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Fifty Shades of Normal

Fifty Shades of Normal Since its publication in 1996, Robe Harrier’s book It’s Perfectly Normal has appeared on the American Library Association list of challenged books. It’s Perfectly Normal was the LA’S #1 Most Challenged Book of 2005. The book is intended for ages 10 and up, and it explains the various physical and psychological changes that occur during puberty including information about sex and sexual health. The books text is paired with cartoonist illustrations by Michael Embezzler.

Many religious institutions are posed to the information and the viewpoints discussed within because masturbation, abortion, homosexuality and other alternative sexual lifestyles are described as being “perfectly normal. ” It’s Perfectly Normal has been criticized for mocking religious beliefs by stating “some religions call masturbation a sin. But masturbating cannot hurt you” (48), and Harris then goes on to provide images of a young boy and young girl masturbating complete with an explanation how to masturbate.

In June 1996, John Chamberlain, a member of the Provo (Utah) Library aid It’s Perfectly Normal “should be banned from the children’s section because it’s graphic illustrations of male and female anatomy, including sex organs, and its discussions of intercourse, masturbation, and homosexuality” (Forester 205). The Catholic Church believes that “masturbation is an intrinsically and seriously disordered act” (Vatican) and “any sexual act outside of marriage not intended for procreation is considered inappropriate” (Vatican).

Harris explains that “sexual intercourse-having sex-can involve the penis and the vagina, or the mouth and the initials, or the penis and the anus” (15). While the book is factually correct, many challenges are based on whether this information is appropriate for children. In 2001, the book was restricted to elementary school pupils with parental permission in Anchorage, Alaska due to objections to the book’s “value statements” and because “marriage is mentioned once in the whole book, while homosexual relationships are allocated an entire section” (ala. Org). Furthermore, the book was also challenged, but retained in 2002 after a conservative Christian group, the Republican Leadership Council, characterized the book as “vulgar” and trying “to minimize or even negate that homosexuality is a problem” (ala. Org). The book has been endorsed by Planned Parenthood, the largest abortion chain in the USA, but in contrast, nowhere does the book describe the virtue of chastity or abstinence (American Life League). Critics say the book promotes abortion by listing nine reasons to have an abortion (Dudgeon).

The book’s description of the abortion process is very clinical, and it avoids any discussion about whether abortion is morally right or the various social views surrounding the epic. It’s Perfectly Normal was challenged but retained in the children’s section of the Mexico-Durian County, Mo. Library in 1997 when a Baptist minister complained not only about this title, but also about other “material concerning family sensitive issues, such as sexuality, the death of a loved one, or the birth process” (ala. Org). As per a BBC report, “all the religions have taken strong positions on abortion; they believe that the issue encompasses profound issues of life and death, right and wrong, human relationships and the nature of society, that make it a major religious once” (BBC. Co. UK). Harris wrote the book with the intent to provide facts that “were accurate and up-to-date and that the text was age-appropriate” (arbitrators. Com).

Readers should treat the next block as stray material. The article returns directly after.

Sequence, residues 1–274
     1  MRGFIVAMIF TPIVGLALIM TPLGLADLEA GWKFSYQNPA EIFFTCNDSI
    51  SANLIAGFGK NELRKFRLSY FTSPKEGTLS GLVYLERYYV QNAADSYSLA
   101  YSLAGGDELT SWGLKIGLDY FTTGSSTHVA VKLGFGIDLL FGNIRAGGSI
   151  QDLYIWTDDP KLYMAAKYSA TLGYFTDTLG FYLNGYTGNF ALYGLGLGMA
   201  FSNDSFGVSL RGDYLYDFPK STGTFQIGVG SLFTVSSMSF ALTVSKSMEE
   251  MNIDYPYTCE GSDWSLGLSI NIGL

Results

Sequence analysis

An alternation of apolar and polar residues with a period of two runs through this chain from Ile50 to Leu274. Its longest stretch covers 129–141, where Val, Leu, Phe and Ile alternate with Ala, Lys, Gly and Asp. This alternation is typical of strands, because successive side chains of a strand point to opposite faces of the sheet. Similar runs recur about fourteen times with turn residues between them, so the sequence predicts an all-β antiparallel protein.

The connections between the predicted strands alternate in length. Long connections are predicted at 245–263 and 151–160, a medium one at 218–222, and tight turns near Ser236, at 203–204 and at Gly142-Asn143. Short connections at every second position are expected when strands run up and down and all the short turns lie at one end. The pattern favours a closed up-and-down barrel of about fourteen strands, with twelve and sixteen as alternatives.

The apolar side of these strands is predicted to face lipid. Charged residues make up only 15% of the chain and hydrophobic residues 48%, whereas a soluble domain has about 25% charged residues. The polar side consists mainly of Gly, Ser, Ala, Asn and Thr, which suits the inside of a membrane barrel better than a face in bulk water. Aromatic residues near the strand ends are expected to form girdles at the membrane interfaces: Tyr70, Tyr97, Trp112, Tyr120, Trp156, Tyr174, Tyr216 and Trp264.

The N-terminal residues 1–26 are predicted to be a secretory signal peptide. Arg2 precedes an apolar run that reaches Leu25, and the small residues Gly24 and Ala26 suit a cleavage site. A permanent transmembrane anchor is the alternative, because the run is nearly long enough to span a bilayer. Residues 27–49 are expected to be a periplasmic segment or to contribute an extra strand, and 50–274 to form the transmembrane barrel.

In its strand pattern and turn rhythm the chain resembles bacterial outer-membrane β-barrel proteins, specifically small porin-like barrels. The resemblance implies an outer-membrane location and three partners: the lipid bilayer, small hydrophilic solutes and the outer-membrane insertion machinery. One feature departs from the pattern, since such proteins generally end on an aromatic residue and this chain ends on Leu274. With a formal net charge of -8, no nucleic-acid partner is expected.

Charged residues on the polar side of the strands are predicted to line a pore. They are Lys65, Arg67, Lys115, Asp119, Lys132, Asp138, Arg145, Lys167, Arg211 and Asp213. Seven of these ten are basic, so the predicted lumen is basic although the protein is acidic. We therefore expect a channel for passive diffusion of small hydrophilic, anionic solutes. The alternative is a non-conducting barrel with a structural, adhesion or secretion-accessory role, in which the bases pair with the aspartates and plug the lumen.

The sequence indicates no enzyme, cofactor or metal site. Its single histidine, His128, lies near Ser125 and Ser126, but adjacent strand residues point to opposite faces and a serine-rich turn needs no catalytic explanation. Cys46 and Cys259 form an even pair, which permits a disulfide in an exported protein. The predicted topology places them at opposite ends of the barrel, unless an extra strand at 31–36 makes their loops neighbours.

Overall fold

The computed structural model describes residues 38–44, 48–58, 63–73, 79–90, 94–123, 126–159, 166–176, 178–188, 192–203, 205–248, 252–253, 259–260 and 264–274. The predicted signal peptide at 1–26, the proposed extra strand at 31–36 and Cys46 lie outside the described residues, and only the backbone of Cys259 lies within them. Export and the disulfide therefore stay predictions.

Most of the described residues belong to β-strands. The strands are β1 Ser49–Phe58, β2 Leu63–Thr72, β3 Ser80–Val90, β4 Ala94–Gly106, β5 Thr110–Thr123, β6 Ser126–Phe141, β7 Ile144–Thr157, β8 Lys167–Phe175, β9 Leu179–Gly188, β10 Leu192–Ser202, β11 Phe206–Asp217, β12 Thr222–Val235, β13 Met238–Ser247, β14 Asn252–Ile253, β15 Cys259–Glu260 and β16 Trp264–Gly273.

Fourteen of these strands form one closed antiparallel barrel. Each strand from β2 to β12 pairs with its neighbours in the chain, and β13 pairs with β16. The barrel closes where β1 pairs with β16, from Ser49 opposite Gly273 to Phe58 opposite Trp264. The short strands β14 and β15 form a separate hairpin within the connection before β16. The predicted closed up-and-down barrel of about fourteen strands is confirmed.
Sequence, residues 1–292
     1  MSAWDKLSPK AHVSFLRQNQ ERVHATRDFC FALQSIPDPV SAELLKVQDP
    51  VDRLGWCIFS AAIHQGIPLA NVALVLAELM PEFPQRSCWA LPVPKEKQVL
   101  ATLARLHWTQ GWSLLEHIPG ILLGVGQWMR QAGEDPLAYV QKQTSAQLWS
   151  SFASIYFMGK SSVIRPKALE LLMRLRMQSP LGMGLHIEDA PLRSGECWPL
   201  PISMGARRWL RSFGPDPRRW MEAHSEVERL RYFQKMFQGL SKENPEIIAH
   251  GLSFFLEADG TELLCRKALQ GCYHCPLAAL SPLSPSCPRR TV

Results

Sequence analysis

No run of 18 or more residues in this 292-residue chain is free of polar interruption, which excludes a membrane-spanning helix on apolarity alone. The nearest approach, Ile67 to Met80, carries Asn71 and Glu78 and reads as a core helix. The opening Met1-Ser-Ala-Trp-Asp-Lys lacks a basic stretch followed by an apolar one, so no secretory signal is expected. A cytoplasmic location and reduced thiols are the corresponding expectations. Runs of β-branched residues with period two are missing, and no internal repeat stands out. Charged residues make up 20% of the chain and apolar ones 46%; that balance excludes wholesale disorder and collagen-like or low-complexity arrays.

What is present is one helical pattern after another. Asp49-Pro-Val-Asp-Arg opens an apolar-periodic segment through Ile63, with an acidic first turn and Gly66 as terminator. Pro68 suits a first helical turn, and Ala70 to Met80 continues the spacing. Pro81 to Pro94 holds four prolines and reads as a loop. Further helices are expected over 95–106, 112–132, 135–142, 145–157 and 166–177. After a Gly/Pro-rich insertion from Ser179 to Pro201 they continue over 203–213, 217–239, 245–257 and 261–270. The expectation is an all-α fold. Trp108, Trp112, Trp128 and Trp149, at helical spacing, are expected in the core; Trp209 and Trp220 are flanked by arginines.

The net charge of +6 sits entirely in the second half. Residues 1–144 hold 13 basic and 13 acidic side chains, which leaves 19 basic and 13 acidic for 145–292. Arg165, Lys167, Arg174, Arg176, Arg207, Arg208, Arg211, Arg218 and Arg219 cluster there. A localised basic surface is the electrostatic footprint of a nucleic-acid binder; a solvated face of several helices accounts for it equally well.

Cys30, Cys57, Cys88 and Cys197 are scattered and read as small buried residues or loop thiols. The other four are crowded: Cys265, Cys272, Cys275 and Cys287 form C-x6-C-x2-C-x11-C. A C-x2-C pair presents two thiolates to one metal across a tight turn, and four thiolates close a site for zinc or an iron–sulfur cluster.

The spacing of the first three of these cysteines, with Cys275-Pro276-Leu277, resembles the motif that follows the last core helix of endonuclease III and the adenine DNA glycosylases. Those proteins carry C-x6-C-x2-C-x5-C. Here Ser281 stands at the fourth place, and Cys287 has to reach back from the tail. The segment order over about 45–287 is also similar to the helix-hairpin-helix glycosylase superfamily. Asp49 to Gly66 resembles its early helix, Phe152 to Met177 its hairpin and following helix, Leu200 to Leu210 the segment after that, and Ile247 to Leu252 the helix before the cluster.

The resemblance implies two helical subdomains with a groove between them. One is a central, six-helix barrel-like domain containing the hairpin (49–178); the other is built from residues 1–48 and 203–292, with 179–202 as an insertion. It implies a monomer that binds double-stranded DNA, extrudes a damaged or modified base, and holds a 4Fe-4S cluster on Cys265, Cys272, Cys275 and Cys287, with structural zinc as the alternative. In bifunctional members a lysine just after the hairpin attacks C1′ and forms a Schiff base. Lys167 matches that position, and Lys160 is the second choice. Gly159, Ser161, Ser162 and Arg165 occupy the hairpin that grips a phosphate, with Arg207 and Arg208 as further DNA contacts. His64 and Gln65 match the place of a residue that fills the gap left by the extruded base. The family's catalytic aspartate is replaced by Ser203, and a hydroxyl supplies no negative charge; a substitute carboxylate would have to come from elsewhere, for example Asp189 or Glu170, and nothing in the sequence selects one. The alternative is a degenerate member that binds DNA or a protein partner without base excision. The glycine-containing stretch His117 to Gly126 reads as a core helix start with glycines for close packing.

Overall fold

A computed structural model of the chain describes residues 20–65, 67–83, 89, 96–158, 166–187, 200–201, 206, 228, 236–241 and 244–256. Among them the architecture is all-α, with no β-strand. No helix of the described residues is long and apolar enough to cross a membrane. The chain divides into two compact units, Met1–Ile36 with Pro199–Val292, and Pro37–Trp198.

She later commented that “l knew that illustrator Michael Embezzler and I had created a book that provided kids and teens with honest and accurate information, which they have a right to and need in order to stay healthy as they enter and go through puberty and adolescence” (Crispin). Harris succeeded in this regard, and accordingly, the book has been highly recognized and honored by the ALA, Booklets, Child Magazine, The New York Times, Planned Parenthood, and Publishers’ Weekly (Floorboards).

While some religious groups assert that the book “goes too far and even boarders on child pornography” (American Life League), “removal of a book for political, social, or moral reasons is legally prohibited” (Forester 205). The American Library Association’s Library Bill of Rights states that “librarians and governing bodies should maintain that parents-?and only parents-?have the right and the responsibility to restrict the access of their children-?and only their children-?to Barry resources” (Floorboards).

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